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Something to Think About: Mayor Warren’s Indiana Travel Ban was the Wrong Decision

Op/Ed by Michael Vaughn


michael_vaughn2In the past few weeks, there has been a lot of discussion surrounding a law in Indiana called the “Religious Freedom Restoration Act.” Here is the summary of what the law states: “Provides that a state or local government action may not substantially burden a person’s right to the exercise of religion unless it is demonstrated that applying the burden to the person’s exercise of religion is: (1) essential to further a compelling governmental interest; and (2) the least restrictive means of furthering the compelling governmental interest.”

However, as a result of the law’s phrasing, there was a huge uproar amongst LGBT activists. They said the law would allow governmental discrimination against gays and lesbians.

But, the only way to reach that conclusion would have been to completely distort what the law intended.

And, I believe that assumption had been built around the activists’ desire to discredit the state of Indiana, and those who have deeply held beliefs which may govern the way they do business.

What the activists may not realize, is that the purpose of the new law had been to try to guard against the types of things which have happened in Oregon and New Mexico.

In 2013, a bakery in Oregon was forced to close because they refused to make a wedding cake for a same-sex couple. And, in that instance, I do not recall the mayor, or the governor, chastising Oregon.

Mind you, they had not refused to make a cake for homosexuals; they refused to make a cake for an event which homosexuals were having. But, because of gay and lesbian activists, and their allies, this hard-working business had to shut down.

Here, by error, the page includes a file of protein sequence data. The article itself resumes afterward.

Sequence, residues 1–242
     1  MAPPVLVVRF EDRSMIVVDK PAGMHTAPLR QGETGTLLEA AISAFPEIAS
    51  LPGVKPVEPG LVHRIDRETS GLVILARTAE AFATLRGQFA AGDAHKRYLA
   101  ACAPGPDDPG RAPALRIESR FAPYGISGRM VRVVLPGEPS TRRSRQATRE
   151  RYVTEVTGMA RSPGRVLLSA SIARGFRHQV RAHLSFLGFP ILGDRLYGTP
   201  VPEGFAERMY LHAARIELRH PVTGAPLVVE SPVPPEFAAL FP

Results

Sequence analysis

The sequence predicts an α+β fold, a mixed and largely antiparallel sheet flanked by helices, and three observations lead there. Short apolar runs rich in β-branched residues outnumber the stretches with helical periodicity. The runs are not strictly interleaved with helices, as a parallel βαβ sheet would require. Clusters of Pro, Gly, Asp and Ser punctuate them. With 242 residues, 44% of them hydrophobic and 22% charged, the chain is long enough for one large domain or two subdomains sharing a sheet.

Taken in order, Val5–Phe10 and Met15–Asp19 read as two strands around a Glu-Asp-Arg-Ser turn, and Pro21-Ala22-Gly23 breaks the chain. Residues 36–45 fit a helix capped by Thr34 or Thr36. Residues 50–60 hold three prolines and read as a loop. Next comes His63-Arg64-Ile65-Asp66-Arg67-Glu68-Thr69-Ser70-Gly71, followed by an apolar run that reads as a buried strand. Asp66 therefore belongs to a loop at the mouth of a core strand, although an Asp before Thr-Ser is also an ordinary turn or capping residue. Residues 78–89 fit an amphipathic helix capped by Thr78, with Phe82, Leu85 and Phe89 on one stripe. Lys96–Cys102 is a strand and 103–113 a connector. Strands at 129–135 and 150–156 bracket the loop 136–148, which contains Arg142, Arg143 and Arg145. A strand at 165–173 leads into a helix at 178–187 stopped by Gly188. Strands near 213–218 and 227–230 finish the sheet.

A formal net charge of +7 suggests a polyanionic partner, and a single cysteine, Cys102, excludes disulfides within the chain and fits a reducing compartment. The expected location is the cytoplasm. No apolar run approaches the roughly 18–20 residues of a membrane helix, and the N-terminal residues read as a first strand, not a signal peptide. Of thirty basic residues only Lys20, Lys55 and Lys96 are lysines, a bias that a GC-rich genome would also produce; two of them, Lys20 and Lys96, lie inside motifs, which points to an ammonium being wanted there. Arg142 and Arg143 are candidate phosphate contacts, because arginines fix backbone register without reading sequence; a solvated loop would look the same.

I’m sure there were other bakeries in Oregon which would have gladly made the cake for this couple. However, it was not enough for activists to have received the ability to marry, they wanted everyone to agree with them, and would have done whatever it takes in order to have made them comply.

In 2006, a similar situation occurred in New Mexico, where a photographer had been forced to shoot a same-sex wedding ceremony. The photographer refused because of his religious beliefs, however, the activists decided they needed to teach this photographer a lesson, so they took him to court.

These are the types of real situations from which the Indiana law had been trying to protect business owners.

Yet, in response, Mayor Lovely Warren stated there would be no travel from the city of Rochester for any official business to the state of Indiana if this law had gone into effect.

I believe she was completely wrong, and biased, in her opposition to the law, and definitely in her decision to ban official travel to the state.

If she truly believed  discrimination would have happened, then she should have made sure she stuck up for the bakery in Oregon, and the photographer in New Mexico.

And, since she has spoken out against Oregon and New Mexico, maybe she also should stop traveling to Washington, D.C., because there is a federal law which states the same thing the law in Indiana stated.

While she is at it, she should tell President Barack Obama, and Gov. Andrew Cuomo to stay away from Cuba since, in Cuba, same-sex unions have been banned!

When politicians do what the mayor has done, it is really disheartening. The Indiana law set out to protect the rights of business owners, and to allow them to hold to their core values, without the bullying of the government forcing them to violate them.

It also shows how biased politicians can be, and why we have had such a deep distrust for them. They often seem to speak so passionately about a topic, unless that topic may impact what they desire most, in a negative manner. Then, they are silent, or have “no comment.”

I believe Mayor Warren is a good person who wants to do the right thing. However, she has been completely wrong when it comes to jumping on the “bash Indiana” band wagon. Refusing to make a cake for someone’s event, or photographing someone’s event, is not discrimination. It is freedom of speech. And, since this is still America, and we are governed by our Constitution, it should not be considered something that is wrong.

In the future, I pray that Mayor Warren will research her positions more thoroughly, prior to taking stances which may pander to a certain base of activists, but ruin her credibility and integrity!

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